Friday, April 12, 2013

Aspie or Not: Childhood and then some.

My last list consists mainly of what I can recall from my childhood. It was much easier for me to compose this list for my son because I could verify the memories I had of him with photos and videos that I had taken. For myself, I don't have that reference. I have some photos ( but not many) and absolutely no video. I have other people's memories of me. "You were just shy, but stubborn...quiet and content to be alone. A little quirky. Sensitive. Picky. You always wanted to be right and you were too smart for your own good. You were nervous, but you had a lot to deal with at a young age. There was nothing really wrong with you. The shrink said you were fine. You were very grown up for your age. You were a good kid."

Most of this is true. What "I had to deal with",  was living with an alcoholic mother, that I both loved and feared, for the first seven years of my life. And then being abruptly taken away from her and sent to live with strangers.  Based on that alone, I challenge any Doctor's diagnoses of  "she's fine."  That should have been a red flag right there, but it wasn't, simply because nobody wanted there to be anything wrong with me. Just like I don't want there to be anything wrong with my son. You will grasp onto those "she's fine/he's fine" comments for dear life.

Ironically, despite everyone believing I was mostly fine, the things that were wrong with me, were always blamed on my first seven years, and my alcoholic mother, and neglect. I've gone down that road myself more times than I can count. Not so much to blame ( although, sometimes that was certainly the case), but as an attempt to find answers to the question:  Why am I the way I am? You don't ask that question unless you know you are different.

Anxiety? Alcohol? Aspergers?

Here are some of the things I remember:

A. Up until age Seven:

1. I spent a large portion of my time in my own head. Adults called it daydreaming. For me, I think it was play. I specifically remember being able to stare at things until they became really far away looking and small. I did this a lot. I could look at things upside down forever. I spent a lot of time looking at things. I don't remember any kind of stims per se. I remember my mother making me walk for people and saying I walked funny.

2. I remember thinking that eyes were gross. Disgusting holes in people's faces and I didn't like looking at them. I didn't really like any of the holes. Mouths, nostrils, ears, but the eyes were the worst.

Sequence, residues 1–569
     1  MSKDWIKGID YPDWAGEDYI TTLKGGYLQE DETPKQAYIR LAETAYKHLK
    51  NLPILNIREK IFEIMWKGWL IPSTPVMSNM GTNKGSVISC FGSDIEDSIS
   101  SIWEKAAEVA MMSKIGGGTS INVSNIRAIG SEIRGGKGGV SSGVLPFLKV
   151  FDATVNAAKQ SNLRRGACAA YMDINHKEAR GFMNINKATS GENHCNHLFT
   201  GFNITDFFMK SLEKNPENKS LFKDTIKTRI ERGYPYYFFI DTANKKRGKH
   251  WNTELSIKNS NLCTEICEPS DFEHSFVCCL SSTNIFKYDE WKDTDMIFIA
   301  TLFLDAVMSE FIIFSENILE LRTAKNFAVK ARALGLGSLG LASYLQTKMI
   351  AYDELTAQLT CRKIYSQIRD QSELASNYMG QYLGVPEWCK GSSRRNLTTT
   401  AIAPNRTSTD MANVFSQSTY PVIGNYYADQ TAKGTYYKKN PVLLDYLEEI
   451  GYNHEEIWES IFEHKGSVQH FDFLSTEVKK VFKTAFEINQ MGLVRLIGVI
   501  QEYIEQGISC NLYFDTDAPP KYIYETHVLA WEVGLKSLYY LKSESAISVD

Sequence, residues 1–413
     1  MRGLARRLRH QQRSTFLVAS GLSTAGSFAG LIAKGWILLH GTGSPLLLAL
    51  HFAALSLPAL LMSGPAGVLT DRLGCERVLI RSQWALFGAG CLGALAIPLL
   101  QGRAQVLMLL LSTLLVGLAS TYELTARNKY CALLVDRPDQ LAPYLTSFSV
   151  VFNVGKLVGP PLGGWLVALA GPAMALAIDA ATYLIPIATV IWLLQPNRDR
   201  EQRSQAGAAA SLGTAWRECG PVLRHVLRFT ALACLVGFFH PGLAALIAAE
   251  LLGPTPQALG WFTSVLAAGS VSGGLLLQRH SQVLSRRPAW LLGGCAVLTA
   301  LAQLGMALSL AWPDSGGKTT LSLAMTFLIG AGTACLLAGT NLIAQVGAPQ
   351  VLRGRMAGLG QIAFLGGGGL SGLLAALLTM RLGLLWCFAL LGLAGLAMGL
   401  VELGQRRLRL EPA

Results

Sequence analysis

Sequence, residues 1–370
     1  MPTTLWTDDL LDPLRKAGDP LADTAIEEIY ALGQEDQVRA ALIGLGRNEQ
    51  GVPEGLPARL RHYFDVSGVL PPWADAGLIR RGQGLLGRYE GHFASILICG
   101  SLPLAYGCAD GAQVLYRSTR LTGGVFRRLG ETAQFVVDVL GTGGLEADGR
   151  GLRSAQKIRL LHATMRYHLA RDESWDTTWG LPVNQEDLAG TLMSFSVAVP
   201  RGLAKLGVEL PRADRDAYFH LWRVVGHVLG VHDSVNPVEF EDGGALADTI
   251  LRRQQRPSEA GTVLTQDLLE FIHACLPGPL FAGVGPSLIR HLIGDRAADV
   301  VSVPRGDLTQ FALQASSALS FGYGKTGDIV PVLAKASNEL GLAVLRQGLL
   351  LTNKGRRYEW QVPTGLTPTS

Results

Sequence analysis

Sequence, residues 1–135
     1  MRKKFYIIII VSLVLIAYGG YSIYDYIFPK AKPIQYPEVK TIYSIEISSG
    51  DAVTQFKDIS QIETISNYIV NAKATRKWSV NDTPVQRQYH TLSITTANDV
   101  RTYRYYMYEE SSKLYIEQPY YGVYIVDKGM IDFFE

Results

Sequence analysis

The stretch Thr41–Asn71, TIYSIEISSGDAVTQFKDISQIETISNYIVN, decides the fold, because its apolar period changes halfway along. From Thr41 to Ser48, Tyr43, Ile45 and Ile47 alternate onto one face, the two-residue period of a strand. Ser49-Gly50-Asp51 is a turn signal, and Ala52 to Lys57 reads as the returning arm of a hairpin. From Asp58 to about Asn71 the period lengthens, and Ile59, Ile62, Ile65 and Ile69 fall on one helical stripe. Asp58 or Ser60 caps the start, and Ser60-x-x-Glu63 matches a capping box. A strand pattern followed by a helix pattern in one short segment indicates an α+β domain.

3. I was happy to go to school on my first day. I didn't understand why some of the kids were crying. I also didn't understand why they couldn't read.

4.  I only played games with rules or things I knew about personally. Hide and seek. Tag. Red rover, Red rover, or school. I re-played Romper Room or other shows I watched on T.V. I played anything with structure and clear, defined rules. My make believe consisted only of things I had seen.

5. I remember throwing all my toys out of our second story window because I just didn't want them anymore. I also remember getting frustrated and annoyed when playing with other kids and going in to get away from them. I refused to go back out for days no matter how often they would ask.

6. I was very literal as a child.  I always thought this was the case with all children, and I still feel that way to a point. My mother used to tell me I was the most beautiful girl in the world. And I believed her. I really thought that I was it...the one. I also could never understand how Crystal Gayle's  brown eyes could turn blue. I loved nursery rhymes or any other type of rhyme but I took them at face value. I remember drawing a picture of a woman sticking a needle in her eye, which really upset my mother. It was from... Cross your heart, hope to die, stick a needle in your eye. I never really understood why anyone would hope to die either.

7. My favorite song was Loving You by Minnie Riperton. I believe it was all the lalala's. I have a video of my son. listening to it when he was two years old. The lalala's got him as well.

8. I remember one the neighborhood kids had a toy toaster. I fell in love with that toaster and probably would have traded anything I had to get it.